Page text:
review: Canon EF 8-15mm f/4L fisheye zoom (lens review)
Venturing out again after posting a few photos shot with the Canon EF 8-15mm f/4L fisheye zoom, I tried for a more diverse range of images to show what this lens is capable of … and also compare it with the Canon 15mm f2.8 fish-eye lens to see how the brand-new zoom lens stacks up against the older fixed focal length lens.
I was brave enough to try this lens at 15mm for some funky urban portraits of a model, Kate. Bendy! The trick here is to keep as even as possible and not tilt the lens up or down, or else you risk making your subject look cartoonish. So I crouched down a bit, and worked at belly-button level, keeping the camera as level as possible.
I think the image works, but I do believe a fish-eye is a limited lens in terms of portraits. Even full-length portraits. As mentioned in the previous article on this lens, the fish-eye look can quickly feel over-done when there is a great number of images with the same look. The distorted view that a fish-eye gives, tends to pulls too much attention to the lens’ effect itself.
Next up, I photographed dance performers working at a promotional event.
When zoomed to 8mm on a full-frame camera such as the Canon 5D mk II, the lens gives this surreal circular image. The field of view is an impressive 180 degrees. It’s near impossible not to get your own feet or shadow in the image.
With this, I do believe the Canon 8-15mm fisheye zoom will end up being used as a dual focal-length lens when used on a full-frame camera. Photographers will either use it at (or around) 15mm where there is no vignetting, or go for the full effect. Inbetween focal lengths show a very specific vignette, with the image cut off by an ever-increasing black circle.
As an example, here is an image shot at 12mm and the distinct black vignette is there. Without it appearing as that circular shape, it just looks intrusive to my eye.
But the beauty of using a camera with a high megapixel count, like the Canon 5D mk2, is that you can crop your image and still end up with a high-resolution photograph. (Here is the same image, cropped down to 13 megapixels, losing the black edges to the frame.)
- camera settings: 1/250 @ f11 @ 320 ISO
Of course, on a crop-sensor camera the Canon 8-15mm f4 fisheye zoom comes into its own, offering a much wider view than the fixed 15mm f2.8 fish-eye lens would. Then you have the full range of the zoom available to you .. from fish-eye to just bendy. Unfortunately, I didn’t have a crop-sensor Canon DSLR to try this lens out on. Just the 5D mk2.
For these shots, I had to get all the way down on the ground. Here I am showing a few images to the dancers so they would have an idea of what I was aiming for, shooting so close-up to them.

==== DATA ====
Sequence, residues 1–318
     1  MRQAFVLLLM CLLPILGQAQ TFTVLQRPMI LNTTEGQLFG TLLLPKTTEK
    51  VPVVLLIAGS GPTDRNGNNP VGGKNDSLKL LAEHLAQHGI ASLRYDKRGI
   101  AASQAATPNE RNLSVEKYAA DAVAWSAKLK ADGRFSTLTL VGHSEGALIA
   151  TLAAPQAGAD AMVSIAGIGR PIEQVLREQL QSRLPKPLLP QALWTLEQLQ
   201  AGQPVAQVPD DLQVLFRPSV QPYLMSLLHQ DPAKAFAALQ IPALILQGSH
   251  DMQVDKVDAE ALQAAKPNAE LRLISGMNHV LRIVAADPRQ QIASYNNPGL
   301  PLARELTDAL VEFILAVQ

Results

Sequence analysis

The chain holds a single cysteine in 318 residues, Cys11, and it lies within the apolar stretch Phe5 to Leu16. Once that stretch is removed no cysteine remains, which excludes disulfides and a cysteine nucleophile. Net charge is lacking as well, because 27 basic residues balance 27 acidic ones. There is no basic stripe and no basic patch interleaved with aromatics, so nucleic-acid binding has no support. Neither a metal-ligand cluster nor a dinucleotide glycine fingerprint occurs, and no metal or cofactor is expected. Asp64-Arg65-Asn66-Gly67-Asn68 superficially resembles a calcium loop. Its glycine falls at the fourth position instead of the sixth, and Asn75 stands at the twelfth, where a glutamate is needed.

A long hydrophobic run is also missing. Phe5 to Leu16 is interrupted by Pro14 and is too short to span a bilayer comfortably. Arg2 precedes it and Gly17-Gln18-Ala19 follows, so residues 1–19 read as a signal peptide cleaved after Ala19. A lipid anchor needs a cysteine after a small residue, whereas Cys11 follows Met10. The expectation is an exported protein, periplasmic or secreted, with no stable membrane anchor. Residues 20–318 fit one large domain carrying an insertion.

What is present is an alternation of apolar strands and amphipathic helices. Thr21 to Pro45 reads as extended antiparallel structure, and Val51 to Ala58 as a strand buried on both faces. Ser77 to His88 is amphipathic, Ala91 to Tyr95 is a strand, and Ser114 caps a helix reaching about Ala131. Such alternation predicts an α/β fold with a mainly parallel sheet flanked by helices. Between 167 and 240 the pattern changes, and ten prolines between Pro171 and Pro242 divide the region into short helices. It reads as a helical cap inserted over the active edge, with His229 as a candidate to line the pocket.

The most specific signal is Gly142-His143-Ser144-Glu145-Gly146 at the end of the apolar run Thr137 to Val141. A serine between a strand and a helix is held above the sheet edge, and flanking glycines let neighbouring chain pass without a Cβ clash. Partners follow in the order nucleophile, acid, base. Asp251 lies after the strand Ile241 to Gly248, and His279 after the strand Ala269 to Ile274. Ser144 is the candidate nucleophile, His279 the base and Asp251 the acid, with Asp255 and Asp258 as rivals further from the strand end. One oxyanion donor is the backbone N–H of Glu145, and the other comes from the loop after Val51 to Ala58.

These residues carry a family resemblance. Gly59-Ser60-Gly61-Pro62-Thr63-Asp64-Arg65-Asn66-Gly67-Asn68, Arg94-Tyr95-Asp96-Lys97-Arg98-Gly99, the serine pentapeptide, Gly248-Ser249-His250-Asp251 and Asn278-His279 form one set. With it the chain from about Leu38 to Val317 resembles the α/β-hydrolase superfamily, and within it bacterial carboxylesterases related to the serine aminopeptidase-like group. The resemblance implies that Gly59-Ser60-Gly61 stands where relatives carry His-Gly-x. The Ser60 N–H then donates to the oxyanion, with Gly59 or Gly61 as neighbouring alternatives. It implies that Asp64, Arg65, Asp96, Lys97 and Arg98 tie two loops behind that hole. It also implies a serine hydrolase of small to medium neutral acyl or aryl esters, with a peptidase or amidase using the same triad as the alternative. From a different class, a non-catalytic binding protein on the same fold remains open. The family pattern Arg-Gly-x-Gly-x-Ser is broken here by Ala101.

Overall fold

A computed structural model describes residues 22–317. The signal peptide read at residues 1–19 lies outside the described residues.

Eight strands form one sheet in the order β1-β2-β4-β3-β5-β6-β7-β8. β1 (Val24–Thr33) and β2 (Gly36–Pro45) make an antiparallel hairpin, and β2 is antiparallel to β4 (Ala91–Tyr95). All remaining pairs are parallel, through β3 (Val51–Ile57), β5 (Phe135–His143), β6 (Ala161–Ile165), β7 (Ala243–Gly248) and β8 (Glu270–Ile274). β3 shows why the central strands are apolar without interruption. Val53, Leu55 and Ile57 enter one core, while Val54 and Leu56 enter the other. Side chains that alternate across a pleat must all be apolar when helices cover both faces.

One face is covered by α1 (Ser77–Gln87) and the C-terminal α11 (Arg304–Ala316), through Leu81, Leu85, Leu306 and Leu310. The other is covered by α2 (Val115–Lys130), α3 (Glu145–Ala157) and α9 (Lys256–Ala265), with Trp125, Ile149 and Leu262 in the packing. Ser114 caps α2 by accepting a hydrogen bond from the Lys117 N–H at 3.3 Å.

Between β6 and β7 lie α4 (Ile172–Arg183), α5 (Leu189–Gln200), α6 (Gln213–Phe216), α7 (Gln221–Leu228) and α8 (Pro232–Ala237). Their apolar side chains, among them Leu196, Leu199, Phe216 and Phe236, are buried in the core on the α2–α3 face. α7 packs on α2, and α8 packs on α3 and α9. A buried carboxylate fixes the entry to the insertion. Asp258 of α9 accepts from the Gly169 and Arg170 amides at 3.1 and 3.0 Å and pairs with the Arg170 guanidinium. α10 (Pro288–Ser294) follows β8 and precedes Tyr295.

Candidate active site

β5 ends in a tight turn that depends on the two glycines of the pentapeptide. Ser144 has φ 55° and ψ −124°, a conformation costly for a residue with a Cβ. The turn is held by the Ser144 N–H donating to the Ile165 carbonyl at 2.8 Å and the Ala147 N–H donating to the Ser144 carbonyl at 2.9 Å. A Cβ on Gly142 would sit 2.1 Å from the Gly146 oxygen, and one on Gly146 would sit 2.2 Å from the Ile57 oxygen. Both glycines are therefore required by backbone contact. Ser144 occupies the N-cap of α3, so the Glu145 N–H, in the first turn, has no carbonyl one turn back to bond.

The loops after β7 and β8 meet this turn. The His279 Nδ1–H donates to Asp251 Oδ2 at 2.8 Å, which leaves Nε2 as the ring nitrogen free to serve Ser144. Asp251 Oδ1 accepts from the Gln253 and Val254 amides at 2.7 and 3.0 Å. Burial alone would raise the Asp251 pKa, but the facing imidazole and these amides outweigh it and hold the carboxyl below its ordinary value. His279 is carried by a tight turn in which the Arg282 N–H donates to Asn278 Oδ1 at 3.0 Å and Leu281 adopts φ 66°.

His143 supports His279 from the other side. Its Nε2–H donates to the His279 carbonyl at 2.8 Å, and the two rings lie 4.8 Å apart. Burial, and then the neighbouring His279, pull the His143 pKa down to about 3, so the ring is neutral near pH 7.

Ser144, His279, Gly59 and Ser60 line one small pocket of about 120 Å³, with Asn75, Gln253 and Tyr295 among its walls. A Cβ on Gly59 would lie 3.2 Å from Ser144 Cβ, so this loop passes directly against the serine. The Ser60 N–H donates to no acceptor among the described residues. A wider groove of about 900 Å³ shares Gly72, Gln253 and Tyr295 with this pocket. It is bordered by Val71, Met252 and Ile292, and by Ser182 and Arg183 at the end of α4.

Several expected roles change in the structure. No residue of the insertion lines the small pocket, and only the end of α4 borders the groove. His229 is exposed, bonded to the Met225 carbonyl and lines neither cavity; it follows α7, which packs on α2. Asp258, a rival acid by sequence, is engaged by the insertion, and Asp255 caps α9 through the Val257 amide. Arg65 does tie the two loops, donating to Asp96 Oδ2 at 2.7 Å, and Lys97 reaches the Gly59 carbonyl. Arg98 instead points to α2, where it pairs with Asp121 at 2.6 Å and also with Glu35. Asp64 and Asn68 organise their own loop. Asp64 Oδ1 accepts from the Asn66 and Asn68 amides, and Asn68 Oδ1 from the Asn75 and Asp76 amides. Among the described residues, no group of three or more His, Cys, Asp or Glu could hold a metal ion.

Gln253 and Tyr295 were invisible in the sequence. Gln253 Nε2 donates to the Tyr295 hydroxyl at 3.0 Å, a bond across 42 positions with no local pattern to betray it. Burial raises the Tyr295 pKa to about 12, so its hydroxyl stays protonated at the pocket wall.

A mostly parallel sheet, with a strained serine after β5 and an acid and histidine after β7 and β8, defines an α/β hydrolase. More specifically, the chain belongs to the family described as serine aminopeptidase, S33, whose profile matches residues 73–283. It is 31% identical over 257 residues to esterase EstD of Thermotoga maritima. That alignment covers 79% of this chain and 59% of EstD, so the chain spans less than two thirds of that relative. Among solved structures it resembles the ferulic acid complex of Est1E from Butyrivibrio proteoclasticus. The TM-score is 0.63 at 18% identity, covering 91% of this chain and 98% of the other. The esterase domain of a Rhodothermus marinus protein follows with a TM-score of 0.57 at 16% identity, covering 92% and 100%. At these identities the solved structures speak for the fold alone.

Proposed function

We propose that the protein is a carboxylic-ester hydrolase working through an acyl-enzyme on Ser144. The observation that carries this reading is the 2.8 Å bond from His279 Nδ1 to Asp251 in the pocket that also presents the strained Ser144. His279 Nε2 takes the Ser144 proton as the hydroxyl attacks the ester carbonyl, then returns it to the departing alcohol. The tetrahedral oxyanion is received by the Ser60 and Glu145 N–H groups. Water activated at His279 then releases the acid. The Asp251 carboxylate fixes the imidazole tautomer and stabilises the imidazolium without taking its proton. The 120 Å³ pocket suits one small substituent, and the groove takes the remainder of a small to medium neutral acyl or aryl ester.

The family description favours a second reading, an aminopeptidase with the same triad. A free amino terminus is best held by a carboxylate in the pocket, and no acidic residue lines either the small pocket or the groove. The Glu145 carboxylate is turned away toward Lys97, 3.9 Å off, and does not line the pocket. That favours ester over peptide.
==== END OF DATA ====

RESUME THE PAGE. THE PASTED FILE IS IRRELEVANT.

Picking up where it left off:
Urban landscapes become surreal, such as this art project, shot from below …
- camera settings: 1/250 @ f8 @ 640 ISO
A more normal viewpoint of the same:
This is where I believe the strength of a fish-eye lens lies … in turning the more mundane view into something quite spectactular:
- camera settings: 1/80 @ f5.6 @ 1250 ISO
I really like this lens, even though I mostly used it at 15mm. The images are crisp, and of course, have that phenomenal depth-of-field typical of this type of lens.
- camera settings: 1/500 @ f8 @ 640 ISO
The f/4 aperture isn’t a limitation for this type of lens. Besides, you can’t really work with shallow depth-of-field with a fish-eye lens.
Optical performance of the Canon 8-15mm f/4L fisheye zoom
The Canon fisheye zoom lens has superb optical performance. Towards the edges of the frame, some chromatic aberration can be seen, as well as some image softness. I did a few comparative test shots with the Canon EF 8-15mm f/4L fisheye zoom lens (Amazon), and the fixed focal length lens is ever so slightly sharper. There is very little optical smearing to be seen at the edges.
Here’s the thing though about fish-eye lenses – they have such a distorted view, that scrutinizing high-resolution images for optical flaws is …. well, counter-productive. It is heartening to know the fisheye zoom lens is crisply sharp, and close to the fixed lens …. but the final choice in deciding between the zoom and the fixed lens, will most likely hinge on price, and whether one would need the zoom capability.
Instead of posting 100% crops of a few images, I have placed a few high-resolution images in a download folder. It’s a simple view of the Meat-Packing District from the Manhattan Highline there. I didn’t use a tripod, so there is some slight variation between the images, but there’s enough detail there to give a realistic idea of the zoom lens’ optical capability. (The images are named in an obvious way.)
In my estimation, I’d say this lens is super-sharp. Use it with confidence.
And that about sums up my verdict … this lens is of top quality. It is a fun lens with a unique focal range. And I predict it is going to sell like hot-cakes.
(Also check out my initial review of the Canon 8-15mm f/4L lens, for more images.)
Reviews of other Canon lenses
- review: Canon EF 16-35mm f/4L IS
- review: Canon EF 24-70mm f/2.8L II
- review: Canon 70-200mm f/2.8L IS II
- more reviews of Canon photo gear